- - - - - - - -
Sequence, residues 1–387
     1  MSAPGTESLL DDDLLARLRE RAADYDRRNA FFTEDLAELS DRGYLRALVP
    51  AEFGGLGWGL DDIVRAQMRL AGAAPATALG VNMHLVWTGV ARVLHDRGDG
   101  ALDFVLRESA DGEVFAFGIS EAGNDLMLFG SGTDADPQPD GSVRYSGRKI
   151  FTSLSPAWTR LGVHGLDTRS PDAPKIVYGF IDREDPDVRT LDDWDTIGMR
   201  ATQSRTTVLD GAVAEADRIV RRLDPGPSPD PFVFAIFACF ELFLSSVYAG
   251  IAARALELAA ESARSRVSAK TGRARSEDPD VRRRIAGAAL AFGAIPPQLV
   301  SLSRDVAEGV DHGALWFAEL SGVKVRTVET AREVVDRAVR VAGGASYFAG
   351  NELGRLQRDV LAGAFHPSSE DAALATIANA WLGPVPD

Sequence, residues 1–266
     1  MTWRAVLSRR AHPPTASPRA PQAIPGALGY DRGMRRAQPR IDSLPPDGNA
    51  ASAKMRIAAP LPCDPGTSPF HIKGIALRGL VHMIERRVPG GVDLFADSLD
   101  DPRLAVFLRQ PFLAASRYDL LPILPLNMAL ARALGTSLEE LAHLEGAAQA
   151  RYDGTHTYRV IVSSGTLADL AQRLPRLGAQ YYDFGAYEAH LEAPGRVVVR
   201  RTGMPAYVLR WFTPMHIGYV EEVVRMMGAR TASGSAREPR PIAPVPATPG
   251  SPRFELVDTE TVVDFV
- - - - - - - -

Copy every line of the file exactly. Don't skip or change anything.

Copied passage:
Sequence, residues 1–387
     1  MSAPGTESLL DDDLLARLRE RAADYDRRNA FFTEDLAELS DRGYLRALVP
    51  AEFGGLGWGL DDIVRAQMRL AGAAPATALG VNMHLVWTGV ARVLHDRGDG
   101  ALDFVLRESA DGEVFAFGIS EAGNDLMLFG SGTDADPQPD GSVRYSGRKI
   151  FTSLSPAWTR LGVHGLDTRS PDAPKIVYGF IDREDPDVRT LDDWDTIGMR
   201  ATQSRTTVLD GAVAEADRIV RRLDPGPSPD PFVFAIFACF ELFLSSVYAG
   251  IAARALELAA ESARSRVSAK TGRARSEDPD VRRRIAGAAL AFGAIPPQLV
   301  SLSRDVAEGV DHGALWFAEL SGVKVRTVET AREVVDRAVR VAGGASYFAG
   351  NELGRLQRDV LAGAFHPSSE DAALATIANA WLGPVPD

Sequence, residues 1–266
     1  MTWRAVLSRR AHPPTASPRA PQAIPGALGY DRGMRRAQPR IDSLPPDGNA
    51  ASAKMRIAAP LPCDPGTSPF HIKGIALRGL VHMIERRVPG GVDLFADSLD
   101  DPRLAVFLRQ PFLAASRYDL LPILPLNMAL ARALGTSLEE LAHLEGAAQA
   151  RYDGTHTYRV IVSSGTLADL AQRLPRLGAQ YYDFGAYEAH LEAPGRVVVR
   201  RTGMPAYVLR WFTPMHIGYV EEVVRMMGAR TASGSAREPR PIAPVPATPG
   251  SPRFELVDTE TVVDFV